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[90] five companies of the First Vermont. This they proceeded to do, and were gallantly and rapidly succeeding, some of my men being on the very brink of the works, when Colonel Townsend, of New York, peremptorily ordered a retreat. The Massachusetts men retired in good order, having had two men killed and one mortally wounded, and were drawn up on the same line they started from, where I soon reported to General Peirce, expecting to receive orders to go in again. I now learned that General Peirce—as brave a man as I have ever seen in battle1—had not ordered a retreat, nor did he intend to do so; but circumstances beyond his control compelled him to do so, and the five Massachusetts companies brought up the rear on the march back to camp, whither they returned in good order, and marched into Newport News with closed ranks and shouldered arms, feeling that they at least had done their duty, and with no reason to be ashamed of their part in this the first battle of the war.

Thus the Fourth Massachusetts, under my command, were the first troops from Massachusetts in the first battle of the war. I have been in many actions since; but never have I seen a hotter fire than that at Great Bethel. After this, until our departure from Newport News, nothing of consequence occurred.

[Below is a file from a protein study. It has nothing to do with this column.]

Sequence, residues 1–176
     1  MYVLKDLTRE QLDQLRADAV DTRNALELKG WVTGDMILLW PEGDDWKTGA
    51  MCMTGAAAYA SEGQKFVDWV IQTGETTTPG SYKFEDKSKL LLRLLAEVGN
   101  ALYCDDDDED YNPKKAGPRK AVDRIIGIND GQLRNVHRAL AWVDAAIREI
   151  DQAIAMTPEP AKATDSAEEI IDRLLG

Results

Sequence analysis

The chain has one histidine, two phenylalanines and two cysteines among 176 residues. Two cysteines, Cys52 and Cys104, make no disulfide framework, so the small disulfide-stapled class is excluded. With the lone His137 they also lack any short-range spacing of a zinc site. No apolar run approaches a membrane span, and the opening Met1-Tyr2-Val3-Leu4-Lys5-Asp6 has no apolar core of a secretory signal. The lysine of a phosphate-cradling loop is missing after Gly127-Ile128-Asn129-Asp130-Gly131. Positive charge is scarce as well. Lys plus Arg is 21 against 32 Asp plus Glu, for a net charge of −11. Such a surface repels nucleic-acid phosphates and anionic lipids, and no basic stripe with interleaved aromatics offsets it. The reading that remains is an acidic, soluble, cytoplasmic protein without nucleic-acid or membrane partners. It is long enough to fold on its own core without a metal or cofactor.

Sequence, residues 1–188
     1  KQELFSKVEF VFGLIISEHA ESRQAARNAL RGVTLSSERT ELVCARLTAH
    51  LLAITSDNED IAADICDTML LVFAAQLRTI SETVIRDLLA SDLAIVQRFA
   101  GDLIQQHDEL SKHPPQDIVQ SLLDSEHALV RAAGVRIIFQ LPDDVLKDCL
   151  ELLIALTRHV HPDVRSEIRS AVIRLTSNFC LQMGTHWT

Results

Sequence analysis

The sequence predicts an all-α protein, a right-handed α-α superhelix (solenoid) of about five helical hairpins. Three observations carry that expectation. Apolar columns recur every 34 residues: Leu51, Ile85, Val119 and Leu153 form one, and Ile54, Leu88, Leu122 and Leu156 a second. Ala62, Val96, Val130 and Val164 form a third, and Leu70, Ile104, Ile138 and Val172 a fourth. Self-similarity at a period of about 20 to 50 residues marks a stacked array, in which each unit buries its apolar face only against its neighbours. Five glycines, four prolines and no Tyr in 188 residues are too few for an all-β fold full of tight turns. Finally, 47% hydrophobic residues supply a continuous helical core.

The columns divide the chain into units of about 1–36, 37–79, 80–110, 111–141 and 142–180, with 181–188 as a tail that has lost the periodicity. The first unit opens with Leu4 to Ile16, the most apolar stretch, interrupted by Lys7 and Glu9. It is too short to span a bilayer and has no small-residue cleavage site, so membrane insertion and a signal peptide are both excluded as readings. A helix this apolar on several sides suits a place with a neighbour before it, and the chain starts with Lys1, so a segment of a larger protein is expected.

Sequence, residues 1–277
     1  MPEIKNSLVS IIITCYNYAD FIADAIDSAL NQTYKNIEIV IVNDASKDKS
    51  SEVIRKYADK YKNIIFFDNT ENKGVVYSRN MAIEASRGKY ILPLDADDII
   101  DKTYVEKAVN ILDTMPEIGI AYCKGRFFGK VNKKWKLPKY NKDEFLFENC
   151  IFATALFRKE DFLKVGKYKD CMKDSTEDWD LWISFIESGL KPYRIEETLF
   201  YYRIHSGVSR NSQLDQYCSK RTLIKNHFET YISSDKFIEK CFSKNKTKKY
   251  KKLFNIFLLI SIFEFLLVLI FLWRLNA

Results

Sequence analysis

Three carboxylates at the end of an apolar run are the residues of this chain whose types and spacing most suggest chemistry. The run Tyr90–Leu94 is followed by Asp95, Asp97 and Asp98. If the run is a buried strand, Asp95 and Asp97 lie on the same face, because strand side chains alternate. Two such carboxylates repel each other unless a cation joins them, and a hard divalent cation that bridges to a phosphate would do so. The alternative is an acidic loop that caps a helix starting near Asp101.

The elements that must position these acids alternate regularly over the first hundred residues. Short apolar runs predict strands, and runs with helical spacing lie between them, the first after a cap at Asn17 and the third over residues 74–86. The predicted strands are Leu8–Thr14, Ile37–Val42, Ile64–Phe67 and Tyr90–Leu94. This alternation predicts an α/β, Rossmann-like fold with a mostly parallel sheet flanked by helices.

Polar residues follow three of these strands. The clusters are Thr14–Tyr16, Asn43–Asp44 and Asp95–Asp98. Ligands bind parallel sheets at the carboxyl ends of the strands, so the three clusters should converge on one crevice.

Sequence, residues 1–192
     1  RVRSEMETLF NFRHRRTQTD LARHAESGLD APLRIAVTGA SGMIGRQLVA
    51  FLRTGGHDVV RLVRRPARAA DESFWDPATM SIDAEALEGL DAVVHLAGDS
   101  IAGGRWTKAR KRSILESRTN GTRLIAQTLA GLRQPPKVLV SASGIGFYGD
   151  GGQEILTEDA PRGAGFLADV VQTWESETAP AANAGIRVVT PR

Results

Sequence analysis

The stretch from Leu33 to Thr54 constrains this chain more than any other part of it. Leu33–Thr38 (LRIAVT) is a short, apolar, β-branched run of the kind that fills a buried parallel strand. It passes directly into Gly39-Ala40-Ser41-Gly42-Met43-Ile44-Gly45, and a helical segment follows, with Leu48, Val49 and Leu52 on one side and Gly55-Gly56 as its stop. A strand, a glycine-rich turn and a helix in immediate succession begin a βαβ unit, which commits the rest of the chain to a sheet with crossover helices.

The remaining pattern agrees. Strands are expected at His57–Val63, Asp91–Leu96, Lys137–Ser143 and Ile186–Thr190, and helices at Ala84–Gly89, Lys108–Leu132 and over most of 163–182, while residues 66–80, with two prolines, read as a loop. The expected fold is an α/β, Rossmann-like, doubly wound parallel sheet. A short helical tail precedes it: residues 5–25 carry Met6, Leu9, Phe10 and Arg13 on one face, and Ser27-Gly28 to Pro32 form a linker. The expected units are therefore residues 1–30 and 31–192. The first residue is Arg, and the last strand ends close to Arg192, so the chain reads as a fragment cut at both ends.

The Fourth remained at Newport News until the 3d of July, when it moved to the village of Hampton. Adjutant Walker writes, ‘On our arrival at Hampton, we found the quaint old town deserted. Hardly a score of its former white inhabitants remained, although many negroes, especially old and very young ones, were still there. The troops had quarters assigned them in the various houses, and remained there undisturbed until Wednesday, July 11, when we marched over to Fortress Monroe, preparatory to embarking for home.’ Previous to leaving, their Springfield rifled muskets were exchanged for old smoothbores. On the eve of departure, the regiment was addressed by General Butler and Colonel Dimick. On the 15th of July, it embarked on board the steamer S. R. Spaulding, and in fifty-six hours arrived in Boston harbor, after an absence of three months. It was mustered out at Long Island, Boston harbor, on the 22d of July.

The Fifth Regiment arrived at Annapolis on the morning of

1 Major Whittemore was afterwards major and lieutenant-colonel of the Thirtieth Regiment, Massachusetts Volunteers, and served three years.

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